A second adult novelty chain has filed a lawsuit against Gwinnett County, challenging a 2015 ordinance change aimed at rooting out purveyors of sexual devices and paraphernalia.
Starship Enterprises, whose two locations in unincorporated Gwinnett have been in business for more than a decade, filed its suit last week in Gwinnett County Superior Court. The 15-page document alleges that the county’s adult entertainment restrictions are too vague and based solely, and unconstitutionally, on “moral objections" to the distribution of sex toys.
The new suit comes as a separate legal challenge brought by Tokyo Valentino — the adult novelty store whose arrival triggered Gwinnett’s ordinance change — continues to play out in federal court.
Both companies want the relatively new restrictions, or significant portions of them, to be thrown out.
Gwinnett County adopted its modified adult establishments ordinance in October 2015, citing “convincing documented evidence” that such businesses have “deleterious secondary effects and are often associated with crime and adverse effects on surrounding properties.” The new code defines for the first time sexual devices and sex paraphernalia stores, and restricts adult entertainment businesses to areas with specific zoning classifications.
The changes were put in place after Tokyo Valentino opened on Pleasant Hill Road near Gwinnett Place Mall. The store originally opened as a smoke and apparel shop but later added adult media and other sexual items to its inventory.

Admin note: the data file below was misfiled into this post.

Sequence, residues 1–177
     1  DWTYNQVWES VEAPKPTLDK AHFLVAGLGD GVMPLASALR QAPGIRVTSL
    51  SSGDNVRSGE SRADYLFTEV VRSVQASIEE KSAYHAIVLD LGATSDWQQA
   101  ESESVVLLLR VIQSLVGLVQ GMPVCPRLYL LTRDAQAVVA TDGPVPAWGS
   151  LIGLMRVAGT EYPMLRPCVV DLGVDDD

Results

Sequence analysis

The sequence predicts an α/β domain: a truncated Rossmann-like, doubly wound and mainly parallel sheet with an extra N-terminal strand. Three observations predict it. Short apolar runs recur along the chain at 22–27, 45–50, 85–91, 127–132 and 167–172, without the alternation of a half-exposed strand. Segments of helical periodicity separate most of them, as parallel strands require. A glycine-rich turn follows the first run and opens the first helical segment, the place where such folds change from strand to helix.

Tokyo Valentino sued the county to stay open and, while a U.S. District Court judge eventually dismissed the suit, the 11th Circuit Court of Appeals revived it last September.
A Gwinnett County Superior Court judge has also denied the county government’s attempt to close Tokyo Valentino, saying doing so would disrupt the ongoing federal litigation.
The case is ongoing.
Starship Enterprises, meanwhile, operates 21 stores across Tennessee and Georgia, selling “smoking supplies, books, clothing, costumes” and other wares in addition to sex toys and pornography. The two locations named in the new suit against Gwinnett County, one on Sugarloaf Parkway near Lawrenceville and another one Highpoint Road near Snellville, have both been open since July 2006, according to documents.
Starship’s suit says Gwinnett County first denied those stores’ tax certificate renewal applications last February, deeming their business “unlawful” under the new ordinance. The suit says both Starship locations later removed thousands of items from their shelves and stockrooms in an attempt to comply with the ordinance, which defines a “sex paraphernalia store” as any business having more than 100 “sexual devices” for sale.
The suit claims Gwinnett’s restrictions violate the state constitution because they are too vague; infringe on the privacy of Starship’s clientele; represent “arbitrary and capricious interference from the government”; and trample upon the Equal Protection Clause.
“Defendant seeks to restrict Starship’s distribution of items designed [for sexual stimulation] solely because of Defendant’s moral objections to the distribution of such items and to individuals who make use of them,” the suit says.
Cory Begner, the attorney who filed the lawsuit for Starship Enterprises, did not immediately respond to requests for comment Monday morning. A Gwinnett County spokesman said Monday afternoon that the county does not comment on pending litigation.
Support real journalism. Support local journalism. Subscribe to The Atlanta Journal-Constitution today. See offers.
Your subscription to the Atlanta Journal-Constitution funds in-depth reporting and investigations that keep you informed. Thank you for supporting real journalism.